The developments were a blow to White House efforts to tamp down interest in the Russia investigation as Trump and his staff boarded Air Force One for Saudi Arabia, first stop on his first foreign trip as president. The details of his comments to the Russians would seem to bolster theories that Trump fired Comey in an effort to choke off the Russia investigation.

Earlier this week, the Justice Department appointed former FBI Director Robert Mueller to take over the federal investigation in an effort to re-establish independence from the White House.

Deputy Attorney General Rod Rosenstein told Congress Friday he stands by a memo he wrote bluntly criticizing Comey. But he made clear it was not his intention for Trump or other White House officials to use the document to justify firing Comey, which is what they have done.

In closed-door meetings with lawmakers on Thursday and Friday, Rosenstein said he wrote the memo after Trump told him one day before the May 9 firing that he wanted to dismiss Comey. Rosenstein said that though he was personally fond of Comey, “I thought it was appropriate to seek a new leader.”

The Justice Department on Friday issued the text of Rosenstein’s opening remarks for the briefings on Capitol Hill. That was two days after Rosenstein named Mueller as a special counsel to investigate possible coordination between Russia and the Trump campaign to influence the 2016 presidential election.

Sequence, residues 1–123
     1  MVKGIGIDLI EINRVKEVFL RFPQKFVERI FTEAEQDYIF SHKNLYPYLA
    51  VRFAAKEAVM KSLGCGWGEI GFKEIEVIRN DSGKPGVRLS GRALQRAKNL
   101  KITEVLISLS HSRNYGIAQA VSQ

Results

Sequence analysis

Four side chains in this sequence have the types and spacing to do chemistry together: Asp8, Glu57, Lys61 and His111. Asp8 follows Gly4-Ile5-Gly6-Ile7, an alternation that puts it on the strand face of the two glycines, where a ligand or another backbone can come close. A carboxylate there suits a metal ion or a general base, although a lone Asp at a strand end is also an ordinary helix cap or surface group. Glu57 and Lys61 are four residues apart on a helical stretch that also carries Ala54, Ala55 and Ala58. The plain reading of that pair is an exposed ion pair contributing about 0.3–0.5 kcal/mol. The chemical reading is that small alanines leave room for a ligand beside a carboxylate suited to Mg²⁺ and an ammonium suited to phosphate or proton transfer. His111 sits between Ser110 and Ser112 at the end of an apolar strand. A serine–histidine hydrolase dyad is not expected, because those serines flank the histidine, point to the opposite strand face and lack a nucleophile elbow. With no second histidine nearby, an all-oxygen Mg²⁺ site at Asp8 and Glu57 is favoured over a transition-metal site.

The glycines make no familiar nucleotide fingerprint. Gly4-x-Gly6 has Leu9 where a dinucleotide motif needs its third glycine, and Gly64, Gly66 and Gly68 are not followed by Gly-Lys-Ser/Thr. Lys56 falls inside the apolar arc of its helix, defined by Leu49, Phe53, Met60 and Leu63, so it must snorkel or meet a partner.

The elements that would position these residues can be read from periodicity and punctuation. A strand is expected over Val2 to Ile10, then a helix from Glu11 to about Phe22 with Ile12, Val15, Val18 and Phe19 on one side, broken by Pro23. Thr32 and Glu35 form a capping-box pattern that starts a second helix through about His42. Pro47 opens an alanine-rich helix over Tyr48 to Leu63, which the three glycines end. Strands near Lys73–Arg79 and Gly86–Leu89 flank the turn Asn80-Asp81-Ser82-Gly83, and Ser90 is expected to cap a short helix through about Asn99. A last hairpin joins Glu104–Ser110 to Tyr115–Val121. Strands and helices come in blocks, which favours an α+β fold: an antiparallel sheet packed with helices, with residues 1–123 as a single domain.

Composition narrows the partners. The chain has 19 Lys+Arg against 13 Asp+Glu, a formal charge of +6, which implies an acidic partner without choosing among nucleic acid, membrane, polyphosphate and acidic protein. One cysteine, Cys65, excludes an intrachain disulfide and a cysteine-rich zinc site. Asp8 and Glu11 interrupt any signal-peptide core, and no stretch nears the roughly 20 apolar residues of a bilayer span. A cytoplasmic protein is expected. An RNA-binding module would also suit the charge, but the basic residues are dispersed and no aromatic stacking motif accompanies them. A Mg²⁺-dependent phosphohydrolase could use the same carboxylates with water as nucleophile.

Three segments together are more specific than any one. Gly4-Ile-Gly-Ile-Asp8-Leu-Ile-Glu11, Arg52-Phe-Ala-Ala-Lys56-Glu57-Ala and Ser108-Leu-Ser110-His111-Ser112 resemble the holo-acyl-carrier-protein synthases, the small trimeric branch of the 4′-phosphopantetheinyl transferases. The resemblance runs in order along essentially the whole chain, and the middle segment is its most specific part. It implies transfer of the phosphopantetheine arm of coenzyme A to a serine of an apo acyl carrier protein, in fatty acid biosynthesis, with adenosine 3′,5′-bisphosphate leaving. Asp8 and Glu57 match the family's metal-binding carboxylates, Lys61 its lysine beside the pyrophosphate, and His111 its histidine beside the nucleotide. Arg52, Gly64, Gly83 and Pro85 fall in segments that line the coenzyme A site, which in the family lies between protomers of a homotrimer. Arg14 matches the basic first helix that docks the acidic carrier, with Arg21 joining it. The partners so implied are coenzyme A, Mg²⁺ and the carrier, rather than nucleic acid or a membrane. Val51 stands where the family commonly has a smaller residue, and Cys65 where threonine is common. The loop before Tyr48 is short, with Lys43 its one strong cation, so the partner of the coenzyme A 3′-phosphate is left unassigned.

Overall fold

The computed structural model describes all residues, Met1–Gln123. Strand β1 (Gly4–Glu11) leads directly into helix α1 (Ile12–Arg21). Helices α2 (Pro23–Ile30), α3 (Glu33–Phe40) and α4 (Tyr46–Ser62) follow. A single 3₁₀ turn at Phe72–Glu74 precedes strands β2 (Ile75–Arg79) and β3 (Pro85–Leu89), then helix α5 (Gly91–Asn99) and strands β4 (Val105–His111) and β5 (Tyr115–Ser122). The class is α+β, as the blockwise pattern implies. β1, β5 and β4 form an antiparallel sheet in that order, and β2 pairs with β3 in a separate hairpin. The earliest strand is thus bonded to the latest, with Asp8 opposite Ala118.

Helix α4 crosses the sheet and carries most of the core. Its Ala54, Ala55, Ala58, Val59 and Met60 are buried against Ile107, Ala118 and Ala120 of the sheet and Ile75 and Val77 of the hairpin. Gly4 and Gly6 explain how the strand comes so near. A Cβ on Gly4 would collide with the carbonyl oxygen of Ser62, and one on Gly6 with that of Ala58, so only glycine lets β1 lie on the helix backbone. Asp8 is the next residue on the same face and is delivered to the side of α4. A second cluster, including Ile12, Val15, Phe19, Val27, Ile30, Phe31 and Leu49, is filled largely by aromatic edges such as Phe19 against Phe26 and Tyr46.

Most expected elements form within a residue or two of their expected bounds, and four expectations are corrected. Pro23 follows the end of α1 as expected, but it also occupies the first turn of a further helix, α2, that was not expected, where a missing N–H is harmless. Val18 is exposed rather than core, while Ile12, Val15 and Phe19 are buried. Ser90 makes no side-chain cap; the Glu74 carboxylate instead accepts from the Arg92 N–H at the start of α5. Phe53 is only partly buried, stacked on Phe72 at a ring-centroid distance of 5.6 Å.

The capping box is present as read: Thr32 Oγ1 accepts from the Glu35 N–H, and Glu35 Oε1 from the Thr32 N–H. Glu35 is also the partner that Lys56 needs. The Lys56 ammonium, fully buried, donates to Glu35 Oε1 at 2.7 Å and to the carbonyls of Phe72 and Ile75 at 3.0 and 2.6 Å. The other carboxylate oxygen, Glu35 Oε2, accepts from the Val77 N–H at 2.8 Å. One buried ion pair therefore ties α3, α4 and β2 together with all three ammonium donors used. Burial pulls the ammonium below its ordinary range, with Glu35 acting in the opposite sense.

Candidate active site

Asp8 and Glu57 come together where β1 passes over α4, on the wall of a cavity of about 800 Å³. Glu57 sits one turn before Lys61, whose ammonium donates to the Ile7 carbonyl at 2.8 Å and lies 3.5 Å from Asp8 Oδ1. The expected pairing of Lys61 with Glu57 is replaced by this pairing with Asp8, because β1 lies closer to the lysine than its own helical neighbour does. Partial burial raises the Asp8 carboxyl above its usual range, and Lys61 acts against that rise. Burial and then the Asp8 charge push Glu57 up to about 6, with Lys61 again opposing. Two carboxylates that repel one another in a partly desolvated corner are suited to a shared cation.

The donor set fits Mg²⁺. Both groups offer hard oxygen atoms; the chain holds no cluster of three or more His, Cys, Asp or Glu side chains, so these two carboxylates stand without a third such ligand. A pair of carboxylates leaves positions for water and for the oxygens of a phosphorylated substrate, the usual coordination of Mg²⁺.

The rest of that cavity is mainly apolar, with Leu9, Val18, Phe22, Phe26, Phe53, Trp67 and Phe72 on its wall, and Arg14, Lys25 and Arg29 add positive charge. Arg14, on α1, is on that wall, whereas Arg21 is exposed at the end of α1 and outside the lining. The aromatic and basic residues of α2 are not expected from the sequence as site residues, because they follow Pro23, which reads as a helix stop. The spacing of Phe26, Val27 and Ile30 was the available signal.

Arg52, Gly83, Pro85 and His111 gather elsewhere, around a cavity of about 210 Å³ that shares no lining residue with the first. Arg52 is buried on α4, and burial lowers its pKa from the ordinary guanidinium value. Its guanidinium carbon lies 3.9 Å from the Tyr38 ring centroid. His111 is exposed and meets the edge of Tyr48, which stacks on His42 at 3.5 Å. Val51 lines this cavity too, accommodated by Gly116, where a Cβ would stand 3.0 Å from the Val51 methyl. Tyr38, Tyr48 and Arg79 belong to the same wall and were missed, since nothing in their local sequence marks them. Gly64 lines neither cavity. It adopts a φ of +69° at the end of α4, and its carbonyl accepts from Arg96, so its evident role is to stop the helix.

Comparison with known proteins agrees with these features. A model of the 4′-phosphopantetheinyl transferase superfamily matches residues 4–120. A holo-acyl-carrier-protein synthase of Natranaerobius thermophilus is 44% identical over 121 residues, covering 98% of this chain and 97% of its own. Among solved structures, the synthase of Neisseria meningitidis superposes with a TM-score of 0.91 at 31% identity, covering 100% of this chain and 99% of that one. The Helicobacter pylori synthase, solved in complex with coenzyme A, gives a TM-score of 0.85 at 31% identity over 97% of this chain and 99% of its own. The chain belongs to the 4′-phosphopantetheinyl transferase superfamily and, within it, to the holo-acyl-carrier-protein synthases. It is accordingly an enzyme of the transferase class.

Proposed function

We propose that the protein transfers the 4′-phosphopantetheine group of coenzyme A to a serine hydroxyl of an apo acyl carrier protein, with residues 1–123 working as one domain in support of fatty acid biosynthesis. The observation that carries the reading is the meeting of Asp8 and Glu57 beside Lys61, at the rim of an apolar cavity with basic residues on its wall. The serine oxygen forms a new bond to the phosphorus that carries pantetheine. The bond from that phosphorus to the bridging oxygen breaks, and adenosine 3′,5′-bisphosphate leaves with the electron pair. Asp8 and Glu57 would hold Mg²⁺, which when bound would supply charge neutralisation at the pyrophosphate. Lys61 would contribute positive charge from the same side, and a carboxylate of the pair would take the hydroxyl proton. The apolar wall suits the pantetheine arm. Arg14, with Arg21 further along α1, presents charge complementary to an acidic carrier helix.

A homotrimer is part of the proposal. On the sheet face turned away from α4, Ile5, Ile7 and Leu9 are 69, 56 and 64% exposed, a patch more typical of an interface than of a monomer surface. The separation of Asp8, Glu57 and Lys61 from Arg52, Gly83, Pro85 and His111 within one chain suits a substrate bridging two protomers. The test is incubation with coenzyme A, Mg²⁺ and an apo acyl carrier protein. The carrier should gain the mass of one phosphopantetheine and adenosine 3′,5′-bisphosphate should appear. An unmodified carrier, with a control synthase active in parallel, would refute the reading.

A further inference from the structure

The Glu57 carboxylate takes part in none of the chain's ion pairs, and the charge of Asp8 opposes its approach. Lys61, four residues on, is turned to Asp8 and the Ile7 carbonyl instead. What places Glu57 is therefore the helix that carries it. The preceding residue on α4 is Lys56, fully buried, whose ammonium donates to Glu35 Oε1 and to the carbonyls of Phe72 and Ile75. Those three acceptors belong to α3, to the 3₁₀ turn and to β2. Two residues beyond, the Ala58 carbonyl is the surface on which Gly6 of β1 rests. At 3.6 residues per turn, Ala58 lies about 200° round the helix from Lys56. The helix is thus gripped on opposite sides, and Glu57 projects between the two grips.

Trump has said he plans to nominate a new FBI director soon, and that had been expected before his departure. However, the White House said there would be no announcement Friday.

The appointment of Mueller as special counsel has drawn generally favorable comments from Democrats and from some Republicans as well. But lawmakers at both congressional sessions expressed frustration that Rosenstein would say little in answer to their questions about his actions – or others’ – before Comey’s firing.

“There was considerable frustration in the room,” said Rep. Seth Moulton, D-Mass., a member of the Armed Services Committee. “This renewed my confidence that we should not have confidence in this administration. I don’t think (Rosenstein) did a lot to bolster our confidence in him today.”

The White House has struggled since Comey’s firing to explain the chain of events that led to it and who exactly made the decision. Trump has insisted at times that the decision was his alone, but he also has pointed – as recently as Thursday – to the “very strong” recommendation from Rosenstein.

Rosenstein made it abundantly clear to the lawmakers that he drafted his memo only after Trump told him of his plans to dismiss the FBI director.

“My memorandum is not a statement of reasons to justify a for-cause termination,” he said. But he added, “I wrote it. I believe it. I stand by it.”

The memo focuses on Comey’s handling of the Hillary Clinton email investigation, particularly the FBI director’s decision to divulge details to the public at various junctures. Rosenstein denounced that as “profoundly wrong and unfair.”